History of the Midhurst War Memorial

A Parish Meeting was held at the Town Hall, Midhurst on 27 November 1918 to consider what preliminary steps should be taken in Midhurst to celebrate the Ratification of Peace. It was resolved that the local celebrations would be confined to the Parish of Midhurst and that adjoining Parishes should not be invited to co-operate. It was decided that nominations for the formation of a Committee would be left to the Parish Council. Suggestions were made for the celebrations: some permanent memorial be erected and that the children of the Parish be especially entertained on the day of the celebration.

The Report of the War Memorial Committee was received at a Public Meeting held at the Town Hall on 7 April 1920. The Chairman of the Parish Council, Mr T E Stephens, was in the Chair and also present was Major Harding Newman on behalf of Major The Hon H M Weetman Pearson. There was a good attendance of Parishioners. The Chairman said that it appeared that the estimated cost of the Memorial exclusive of the site was £493.12.6. He was asked if that sum included the fees payable to the Architect for the design of the Memorial and for the supervision of its erection. The Chairman said he presumed the sum did not include those fees.

The design of the Memorial was submitted to the meeting. It was resolved that the Meeting approved the design by Sir Aston Webb PRA of the proposed War Memorial to be erected opposite the church and undertook to use its best endeavours to raise the necessary funds.

The Meeting resolved that it placed on record appreciation of the offer of Major Harold Pearson to present to the Town, as a War Memorial, such of the island sites that he owned (presumably land between the church and Red Lion Street).

The following Rules to commemorate the dead were adopted in placing the names on the Memorial:
1.  All who had joined up from Midhurst or being in His Majesty’s Forces had their homes  in Midhurst.
2.  All those who had no other settled home than Midhurst and are not commemorated in  any other Parish.
3.  All those equally connected with Midhurst and some other Parish whose friends prefer  them to be commemorated on the Midhurst Memorial and undertake that they will not  appear on any other local parish memorial.
4.  All Midhurst men who died since the Armistice from wounds, or disease, certified by the  authorities as attributable to the War.

It was also resolved that the relatives should be consulted as to which Christian name should be placed on the Memorial in full, where a man had more than one such name and that all names for the Memorial be sent to Mr W Werry, the Honorary Secretary to the Memorial Committee.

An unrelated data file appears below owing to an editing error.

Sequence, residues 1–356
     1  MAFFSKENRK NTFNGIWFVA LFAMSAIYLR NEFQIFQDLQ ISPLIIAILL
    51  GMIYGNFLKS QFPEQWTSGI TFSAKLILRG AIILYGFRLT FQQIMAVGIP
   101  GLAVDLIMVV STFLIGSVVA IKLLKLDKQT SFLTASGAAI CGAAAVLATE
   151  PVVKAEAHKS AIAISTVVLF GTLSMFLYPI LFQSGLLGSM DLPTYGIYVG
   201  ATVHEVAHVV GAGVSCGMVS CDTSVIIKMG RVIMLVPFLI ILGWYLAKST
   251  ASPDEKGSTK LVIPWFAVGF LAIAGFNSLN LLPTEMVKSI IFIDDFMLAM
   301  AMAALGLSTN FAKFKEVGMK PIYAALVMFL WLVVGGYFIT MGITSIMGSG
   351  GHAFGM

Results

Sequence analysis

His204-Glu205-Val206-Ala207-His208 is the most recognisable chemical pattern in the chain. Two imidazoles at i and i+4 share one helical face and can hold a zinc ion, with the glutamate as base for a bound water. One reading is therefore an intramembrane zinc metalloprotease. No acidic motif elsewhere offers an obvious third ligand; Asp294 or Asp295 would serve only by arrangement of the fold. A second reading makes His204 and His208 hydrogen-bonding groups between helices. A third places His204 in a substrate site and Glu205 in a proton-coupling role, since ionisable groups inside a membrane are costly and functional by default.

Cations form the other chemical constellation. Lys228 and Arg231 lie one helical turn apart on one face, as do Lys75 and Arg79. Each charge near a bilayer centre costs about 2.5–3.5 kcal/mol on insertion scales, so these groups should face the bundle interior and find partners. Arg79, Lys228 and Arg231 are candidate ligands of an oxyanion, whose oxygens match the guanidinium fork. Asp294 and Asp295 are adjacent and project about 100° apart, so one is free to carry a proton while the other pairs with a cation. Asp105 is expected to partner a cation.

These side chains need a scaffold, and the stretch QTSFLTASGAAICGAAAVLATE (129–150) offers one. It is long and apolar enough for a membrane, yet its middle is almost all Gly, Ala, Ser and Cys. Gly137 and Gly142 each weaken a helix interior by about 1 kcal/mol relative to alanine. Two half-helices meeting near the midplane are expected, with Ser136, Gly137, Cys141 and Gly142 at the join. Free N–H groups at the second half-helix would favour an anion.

Suggestions were made as to a method of house to house collection by envelopes, that a copy of the sketch of the proposed Memorial be exhibited in the Town and that a model of the Memorial be erected on the site. It was resolved that the Memorial Committee be authorised to arrange for the collection of subscriptions forthwith.

In response to an enquiry during a meeting of the Parish Council on 22 August 1921 it was said that as far as was known, Mr P Oliver intended to commence the Midhurst War Memorial as soon as he had completed the memorial at Easebourne.

Sir Aston Webb’s work earlier in the century had included the design of Admiralty Arch and the refronting of Buckingham Palace. Between 1913 and 1920 he had been commissioned by Weetman Pearson to make major extensions to his property, Dunecht House, in Aberdeenshire. He had also designed cottages in Easebourne for Lord Cowdray and was the architect for the Easebourne War Memorial.

Percy Oliver (1885-1949) was born in Heyshott and at the time of the 1901 census was a stonemason living in June Lane, Midhurst with his parents. Ten years later he was living in Bepton Common Road, Midhurst with his wife Ethel and three children. The name of Percy Oliver appears on the Memorial Panels in Midhurst Parish Church. His name is in the WW1 Medal Rolls Index as having served in the Royal Sussex Regiment and the Labour Corps.

Midhurst War Memorial Cartouche
Midhurst War Memorial Cartouche

At 3 o’clock in the afternoon of Sunday 6 May 1923 the Midhurst War Memorial was unveiled by Major the Hon Harold Pearson. The Vicar of Midhurst, the Reverend Frank Tatchell, dedicated the Pillar and Cross to the Glory of God and in proud and loving memory of the men of the town who gave their lives for England in The Great War. The Wesleyan Pastor and the Congregational Minister took part in the service. After the Dedication, the Last Post and Reveille were sounded followed by the hymn ‘O God our help in ages past’ and the Blessing. Major Pearson then asked the Chairman of the Town Trust to receive the Monument from the subscribers as a gift to the Town for ever.

Midhurst War Memorial dedication - cover of order of service
Midhurst War Memorial dedication – cover of order of service

The Memorial is aligned on the axis of the nave of the church and positioned midway between the carriageways of Church Hill. It consists of a square pillar set upon a square plinth which stands on an octagonal base of two steps within a kerbed, cobbled area. It has been constructed from dressed sandstone, probably from a local quarry. The top of the pillar has a moulded cornice and is surmounted by a cross of carved limestone. The names of fifty men together with their regiments or service are inscribed on panels of limestone which have been fixed to the north and south faces of the pillar. Between the cornice and the top panel on both sides is a cartouche of a wreath of laurel leaves surrounding the dates 1914 and 1918.

Subsequently, panels to commemorate the fallen of later conflicts have been added to the plinth of the Memorial.

The Memorial remains in the care of the Town Trust.

Midhurst U3A WW1 War Memorial Project